From October the 1st, 2023, the transitional phase of the Carbon Border Adjustment Mechanism (CBAM) came into effect. CBAM entails importers paying for CO2 emissions generated while producing goods outside the EU. This involves levies on CBAM goods, primarily industrial products such as steel, cement, fertilizer, and electricity. The complete list of goods is outlined in Annex 1 of the Regulation.
To combat global warming, the European Union has set several goals. One is reducing European CO2 emissions by at least 55% by 2030 compared to 1990 levels. This marks the first step toward the ultimate goal of a carbon-neutral Europe by 2050.
Laws and regulations have been established to reduce CO2 emissions across the entire economy to achieve these targets. One example is the emission trading system, where energy-intensive sectors must purchase permits to emit CO2.
But what about companies or producers of goods outside the EU? As long as there are countries with lower climate ambitions than the EU, there's a risk of 'carbon leakage.' Carbon leakage occurs when companies or sectors, due to higher costs from climate policies, decide to move their production to other countries or areas outside the union where regulations are less stringent. Or if comparable products with higher CO2 emissions are imported. Such a situation could lead to a global increase in CO2 emissions, counteracting efforts to promote sustainable production. So, as the European Union raises its climate ambitions, it must ensure that the risk of 'carbon leakage' doesn't hinder these ambitions.
With CBAM, the EU aims to make producers pay for emission rights for products imported from outside the EU, thus mitigating the risk of carbon leakage. This prevents producers within the EU from being at a competitive disadvantage compared to the import of similar products from countries with lower CO2 emission costs. An expected outcome is that countries outside the EU will also transition to more sustainable production practices to facilitate exports to the EU.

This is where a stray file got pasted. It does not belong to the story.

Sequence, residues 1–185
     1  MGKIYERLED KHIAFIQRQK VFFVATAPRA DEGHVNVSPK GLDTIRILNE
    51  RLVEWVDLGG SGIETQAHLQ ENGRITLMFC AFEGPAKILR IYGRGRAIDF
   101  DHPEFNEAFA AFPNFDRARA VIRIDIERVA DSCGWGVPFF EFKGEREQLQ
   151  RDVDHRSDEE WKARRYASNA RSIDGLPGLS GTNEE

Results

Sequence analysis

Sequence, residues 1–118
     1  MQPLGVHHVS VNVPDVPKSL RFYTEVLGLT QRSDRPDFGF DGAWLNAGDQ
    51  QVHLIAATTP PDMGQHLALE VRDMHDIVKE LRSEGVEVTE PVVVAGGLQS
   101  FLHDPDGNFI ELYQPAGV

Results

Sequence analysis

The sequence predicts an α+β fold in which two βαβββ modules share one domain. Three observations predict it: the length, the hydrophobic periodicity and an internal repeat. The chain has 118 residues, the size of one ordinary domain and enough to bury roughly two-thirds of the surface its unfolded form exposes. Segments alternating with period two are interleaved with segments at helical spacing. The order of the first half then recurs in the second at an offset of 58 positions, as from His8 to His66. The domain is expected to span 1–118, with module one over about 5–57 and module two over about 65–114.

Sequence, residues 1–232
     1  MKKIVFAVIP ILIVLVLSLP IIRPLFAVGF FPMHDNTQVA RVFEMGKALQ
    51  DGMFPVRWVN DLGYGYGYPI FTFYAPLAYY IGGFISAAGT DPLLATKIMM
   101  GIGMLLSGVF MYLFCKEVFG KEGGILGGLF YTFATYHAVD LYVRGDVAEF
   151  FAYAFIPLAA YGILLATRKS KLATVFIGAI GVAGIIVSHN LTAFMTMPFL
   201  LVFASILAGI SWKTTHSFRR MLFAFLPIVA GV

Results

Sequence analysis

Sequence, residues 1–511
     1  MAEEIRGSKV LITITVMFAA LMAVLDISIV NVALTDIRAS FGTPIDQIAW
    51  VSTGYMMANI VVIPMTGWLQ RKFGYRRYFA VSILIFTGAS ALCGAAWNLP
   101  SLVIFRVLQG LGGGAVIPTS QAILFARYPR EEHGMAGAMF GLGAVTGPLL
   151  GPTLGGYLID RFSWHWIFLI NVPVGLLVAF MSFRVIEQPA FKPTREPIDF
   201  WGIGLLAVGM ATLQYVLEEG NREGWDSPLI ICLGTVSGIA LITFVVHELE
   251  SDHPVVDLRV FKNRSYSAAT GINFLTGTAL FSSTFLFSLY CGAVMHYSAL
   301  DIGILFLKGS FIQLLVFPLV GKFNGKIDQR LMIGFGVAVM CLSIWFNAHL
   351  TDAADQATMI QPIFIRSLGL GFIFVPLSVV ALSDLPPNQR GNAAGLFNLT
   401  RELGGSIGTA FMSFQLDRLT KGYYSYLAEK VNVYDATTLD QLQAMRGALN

What can importers expect from CBAM?
Businesses seek certainty and predictability about these costs in the long term so they can make suitable investments to make their production processes more environmentally friendly. Hence, CBAM is being gradually introduced.
During the transitional phase, importers do not yet have to purchase CO2 permits but are required to submit reports to the European Commission. The company is also obligated to confirm awareness of reporting requirements.
Reporting must be submitted quarterly and should include the quantity of CBAM goods imported during the period and the CO2 emissions associated with these goods.
Starting from January 1, 2026, the overall implementation begins. From then on, importers must register as importers of CBAM goods. In addition to reporting, they are also required to pay for the CO2 emitted during the production of imported goods.
Key dates to keep in mind:
- October 1, 2023 - December 31, 2025: Transitional phase
- January 31, 2024: Deadline for the first CBAM report covering the fourth quarter of 2023
- January 1, 2026 - End of the transition period, start of overall implementation
- January 31, 2026: Deadline for the last CBAM report covering the fourth quarter of 2025
How can Hedgehog Company assist?
The reporting obligation started on October 1, 2023. This means the first report must be submitted by January 31, 2024, at the latest. The Dutch Emission Authority oversees this process and can enforce compliance if importers fail to meet their obligations.
Hedgehog assists companies in fulfilling these reporting obligations. We assess the CO2 emissions from the production of imported goods and prepare the necessary reports.
Additionally, we can provide a cost estimate, enabling importers to anticipate future expenses after the regulation comes into effect and adjust their long-term plans accordingly.